Innovative solutions for creating healthy, efficient, eco-friendly homes

While you might be thinking of putting off that kitchen upgrade

While you might be thinking of putting off that kitchen upgrade or bathroom remodel in light of the challenging economy, there are some home improvements you may not want to postpone.  In fact, home makeover projects that go beyond the surface — including things like replacing an old furnace or adding extra attic insulation — can actually put money back into your wallet.

With the new enhanced federal tax credits that were part of President Obama's economic stimulus package, replacing windows, upgrading an outdated air conditioner or swapping out an inefficient water heater is more affordable than ever.

To help tackle a home makeover that goes beyond just the aesthetics of a home and to help make your home a little more eco-friendly, Smart Homeowner suggests focusing on the following key areas of the home:

    * The Attic. A little extra padding in the attic can go a long way to reducing energy consumption.  According to the U.S. Department of Energy (DOE), roughly 80 percent of older homes (those built before 1980) can benefit from additional attic insulation.  If the insulation in the attic is level with or below the attic floor joists, you probably need to add more.  Properly insulating and sealing a home can cut heating and cooling bills by 10 percent, according to the DOE, and tax credits are available for up to 30 percent of the cost, up to $1,500, for qualifying insulation products.

    * The Heating and Cooling System. While fluctuations in the cost of home heating oil and natural gas can impact your home heating bill this winter, an older, less efficient furnace or boiler may also be the culprit when it comes to high energy bills.  According to Chris Spencer, an energy efficiency expert at Lennox Industries, the average lifespan of a heating system is 15 years old.  By replacing an older furnace that is 60 percent efficient with one that is 95 percent efficient, homeowners can save approximately 57 percent on energy bills and up to $5,513 over a five-year period, says Spencer.  The new tax credits can further offset the cost and installation of a new high-efficiency furnace, as well as an air conditioner or heat pump, by 30 percent or up to $1,500, making now a good time to buy.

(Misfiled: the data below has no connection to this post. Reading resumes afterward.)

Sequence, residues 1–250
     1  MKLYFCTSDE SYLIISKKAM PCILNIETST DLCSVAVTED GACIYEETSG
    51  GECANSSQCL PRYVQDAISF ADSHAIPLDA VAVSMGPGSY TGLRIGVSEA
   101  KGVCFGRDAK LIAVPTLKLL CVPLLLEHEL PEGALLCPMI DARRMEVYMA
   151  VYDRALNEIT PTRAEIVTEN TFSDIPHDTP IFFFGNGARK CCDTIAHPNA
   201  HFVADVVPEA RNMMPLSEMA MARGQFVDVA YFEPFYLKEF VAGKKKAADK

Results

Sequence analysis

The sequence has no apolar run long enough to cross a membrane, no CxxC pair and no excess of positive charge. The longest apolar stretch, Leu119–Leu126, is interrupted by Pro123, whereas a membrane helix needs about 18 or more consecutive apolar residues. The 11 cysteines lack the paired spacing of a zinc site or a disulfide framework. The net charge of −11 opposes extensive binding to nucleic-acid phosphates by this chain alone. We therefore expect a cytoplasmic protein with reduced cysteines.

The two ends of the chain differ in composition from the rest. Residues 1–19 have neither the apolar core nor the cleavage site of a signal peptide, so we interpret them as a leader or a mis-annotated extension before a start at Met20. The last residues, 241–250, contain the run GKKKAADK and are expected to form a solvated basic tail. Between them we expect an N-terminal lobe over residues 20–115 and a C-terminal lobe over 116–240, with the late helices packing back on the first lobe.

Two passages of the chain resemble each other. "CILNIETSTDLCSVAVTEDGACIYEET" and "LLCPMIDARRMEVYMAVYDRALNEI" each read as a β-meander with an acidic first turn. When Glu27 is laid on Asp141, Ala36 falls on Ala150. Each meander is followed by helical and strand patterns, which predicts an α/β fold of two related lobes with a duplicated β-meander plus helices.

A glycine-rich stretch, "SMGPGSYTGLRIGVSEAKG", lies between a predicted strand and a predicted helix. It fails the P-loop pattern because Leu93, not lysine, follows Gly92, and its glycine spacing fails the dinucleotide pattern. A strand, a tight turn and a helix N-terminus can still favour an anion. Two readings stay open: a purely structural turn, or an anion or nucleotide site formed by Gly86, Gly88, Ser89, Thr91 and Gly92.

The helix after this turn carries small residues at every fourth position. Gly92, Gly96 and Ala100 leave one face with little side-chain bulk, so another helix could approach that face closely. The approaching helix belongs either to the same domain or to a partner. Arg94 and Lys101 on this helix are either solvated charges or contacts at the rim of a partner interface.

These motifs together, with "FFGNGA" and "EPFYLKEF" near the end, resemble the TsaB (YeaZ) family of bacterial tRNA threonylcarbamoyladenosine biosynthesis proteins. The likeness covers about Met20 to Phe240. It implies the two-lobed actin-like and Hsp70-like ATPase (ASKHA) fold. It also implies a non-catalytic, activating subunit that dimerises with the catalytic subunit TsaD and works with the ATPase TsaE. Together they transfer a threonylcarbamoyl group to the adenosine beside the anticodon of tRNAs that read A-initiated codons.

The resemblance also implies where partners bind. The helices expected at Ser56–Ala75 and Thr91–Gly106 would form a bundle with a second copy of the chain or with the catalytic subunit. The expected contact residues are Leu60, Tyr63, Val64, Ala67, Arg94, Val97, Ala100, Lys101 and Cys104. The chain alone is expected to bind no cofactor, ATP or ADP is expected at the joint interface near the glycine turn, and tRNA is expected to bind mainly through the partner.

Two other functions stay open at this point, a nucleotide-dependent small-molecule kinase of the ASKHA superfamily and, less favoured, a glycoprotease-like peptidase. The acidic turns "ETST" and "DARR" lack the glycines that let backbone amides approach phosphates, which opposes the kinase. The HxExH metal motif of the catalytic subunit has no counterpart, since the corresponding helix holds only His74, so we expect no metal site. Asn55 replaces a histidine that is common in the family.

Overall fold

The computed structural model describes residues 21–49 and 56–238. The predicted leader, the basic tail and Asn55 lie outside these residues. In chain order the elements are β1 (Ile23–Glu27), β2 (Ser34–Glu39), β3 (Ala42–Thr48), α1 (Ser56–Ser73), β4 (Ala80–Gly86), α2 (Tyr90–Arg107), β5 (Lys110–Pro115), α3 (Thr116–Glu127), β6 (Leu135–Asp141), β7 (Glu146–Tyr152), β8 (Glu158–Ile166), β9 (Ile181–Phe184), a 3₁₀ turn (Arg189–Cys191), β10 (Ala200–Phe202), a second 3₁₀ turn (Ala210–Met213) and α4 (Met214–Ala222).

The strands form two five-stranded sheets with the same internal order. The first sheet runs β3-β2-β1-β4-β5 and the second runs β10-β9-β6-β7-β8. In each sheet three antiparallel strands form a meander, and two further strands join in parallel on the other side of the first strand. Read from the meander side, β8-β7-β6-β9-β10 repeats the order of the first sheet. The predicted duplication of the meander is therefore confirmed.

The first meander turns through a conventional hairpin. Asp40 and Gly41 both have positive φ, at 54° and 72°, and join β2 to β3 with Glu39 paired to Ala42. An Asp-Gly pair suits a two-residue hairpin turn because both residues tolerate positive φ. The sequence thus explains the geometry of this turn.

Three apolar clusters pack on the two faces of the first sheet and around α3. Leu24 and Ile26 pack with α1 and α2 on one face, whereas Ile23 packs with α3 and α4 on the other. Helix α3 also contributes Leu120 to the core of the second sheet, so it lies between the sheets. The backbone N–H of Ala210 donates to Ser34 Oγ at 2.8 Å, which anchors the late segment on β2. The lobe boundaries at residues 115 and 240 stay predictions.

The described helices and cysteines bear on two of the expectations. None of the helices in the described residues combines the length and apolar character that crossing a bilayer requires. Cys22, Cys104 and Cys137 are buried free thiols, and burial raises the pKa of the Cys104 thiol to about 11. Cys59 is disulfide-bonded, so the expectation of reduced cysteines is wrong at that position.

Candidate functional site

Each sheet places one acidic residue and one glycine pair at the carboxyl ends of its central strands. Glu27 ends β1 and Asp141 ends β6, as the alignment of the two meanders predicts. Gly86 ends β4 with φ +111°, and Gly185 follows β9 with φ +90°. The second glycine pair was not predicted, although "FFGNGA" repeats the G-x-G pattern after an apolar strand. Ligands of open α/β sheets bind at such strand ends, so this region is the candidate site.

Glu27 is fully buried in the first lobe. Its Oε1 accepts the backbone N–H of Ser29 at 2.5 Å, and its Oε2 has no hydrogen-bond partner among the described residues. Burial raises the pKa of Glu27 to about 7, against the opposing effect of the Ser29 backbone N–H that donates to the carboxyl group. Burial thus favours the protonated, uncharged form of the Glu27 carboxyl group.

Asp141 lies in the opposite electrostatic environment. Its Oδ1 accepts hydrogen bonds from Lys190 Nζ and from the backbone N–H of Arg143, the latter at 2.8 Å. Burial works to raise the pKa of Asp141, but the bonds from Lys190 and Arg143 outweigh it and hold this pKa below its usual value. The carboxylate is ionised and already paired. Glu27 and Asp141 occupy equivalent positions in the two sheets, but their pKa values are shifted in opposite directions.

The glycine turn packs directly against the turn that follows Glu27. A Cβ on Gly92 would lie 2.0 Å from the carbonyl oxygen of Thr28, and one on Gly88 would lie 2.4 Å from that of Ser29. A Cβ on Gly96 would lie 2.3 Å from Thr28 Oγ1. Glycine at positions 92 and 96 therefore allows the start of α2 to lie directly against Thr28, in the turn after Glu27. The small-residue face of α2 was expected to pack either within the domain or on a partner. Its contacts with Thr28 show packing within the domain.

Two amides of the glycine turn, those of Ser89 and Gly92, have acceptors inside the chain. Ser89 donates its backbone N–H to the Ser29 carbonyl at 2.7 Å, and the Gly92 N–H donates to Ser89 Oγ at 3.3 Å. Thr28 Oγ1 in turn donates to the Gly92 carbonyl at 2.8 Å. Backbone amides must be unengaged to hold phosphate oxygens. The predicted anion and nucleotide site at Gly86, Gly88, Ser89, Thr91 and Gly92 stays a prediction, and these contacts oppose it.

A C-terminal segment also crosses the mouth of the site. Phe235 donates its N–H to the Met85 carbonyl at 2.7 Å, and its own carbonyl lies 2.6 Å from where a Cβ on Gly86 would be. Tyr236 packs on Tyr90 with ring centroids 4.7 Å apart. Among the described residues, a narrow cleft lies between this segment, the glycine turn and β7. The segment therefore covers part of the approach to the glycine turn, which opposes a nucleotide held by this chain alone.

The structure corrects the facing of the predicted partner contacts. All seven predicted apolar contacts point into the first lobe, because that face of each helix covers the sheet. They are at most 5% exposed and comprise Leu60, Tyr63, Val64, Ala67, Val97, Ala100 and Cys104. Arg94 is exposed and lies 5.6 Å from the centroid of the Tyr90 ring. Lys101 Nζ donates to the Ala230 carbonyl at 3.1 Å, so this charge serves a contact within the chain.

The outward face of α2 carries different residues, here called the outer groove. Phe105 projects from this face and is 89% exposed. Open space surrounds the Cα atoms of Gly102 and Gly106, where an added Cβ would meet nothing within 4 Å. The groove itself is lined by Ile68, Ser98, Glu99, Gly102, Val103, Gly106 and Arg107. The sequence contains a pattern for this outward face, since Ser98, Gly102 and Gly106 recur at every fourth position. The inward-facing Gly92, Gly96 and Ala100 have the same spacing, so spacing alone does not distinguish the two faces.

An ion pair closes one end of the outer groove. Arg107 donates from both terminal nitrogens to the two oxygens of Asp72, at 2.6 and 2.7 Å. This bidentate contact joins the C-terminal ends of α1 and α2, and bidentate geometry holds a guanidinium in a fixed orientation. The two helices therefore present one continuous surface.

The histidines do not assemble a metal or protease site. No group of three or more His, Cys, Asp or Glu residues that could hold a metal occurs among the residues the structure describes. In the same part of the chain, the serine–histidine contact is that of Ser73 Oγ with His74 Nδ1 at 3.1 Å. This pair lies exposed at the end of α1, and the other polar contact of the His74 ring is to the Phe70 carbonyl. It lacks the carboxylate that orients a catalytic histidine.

* Windows.  While window treatments are typically a focus in many home makeovers, the actual windows themselves are often overlooked.  However, upgrading old single-pane windows with ENERGY STAR-qualified windows can save on average between $126 and $465 per year on energy bills, and some new windows qualify for the federal tax credit.  ENERGY STAR-qualified windows may have two or more panes of glass, warm-edge spacers between the window panes, improved framing materials, and low-emissivity (Low-E) coatings, which are thin coatings that help keep heat inside during the winter and outside during the summer.

    * The Water Heater.  Heating water is another major energy expenditure and accounts for approximately 17 percent of a household's energy bill.  Jenifer Evans, owner of a Mr. Handyman franchise in Dallas, recommends replacing a water heater if the existing one is more than 10 years old, as it probably is operating at an efficiency level of 50 percent or lower.  New tankless water heaters qualify for the new federal tax credits.  "If the existing water heater isn't that old, you can still save energy and money by insulating the water heater with a water heater jacket that can be purchased at most hardware stores or by lowering the temperature setting on the water heater," Evans said. 

While these areas of the home aren't the most visible, they are important to consider when embarking on a home remodeling project.  You'll not only save money in the long run, you'll also be doing something to help protect the environment.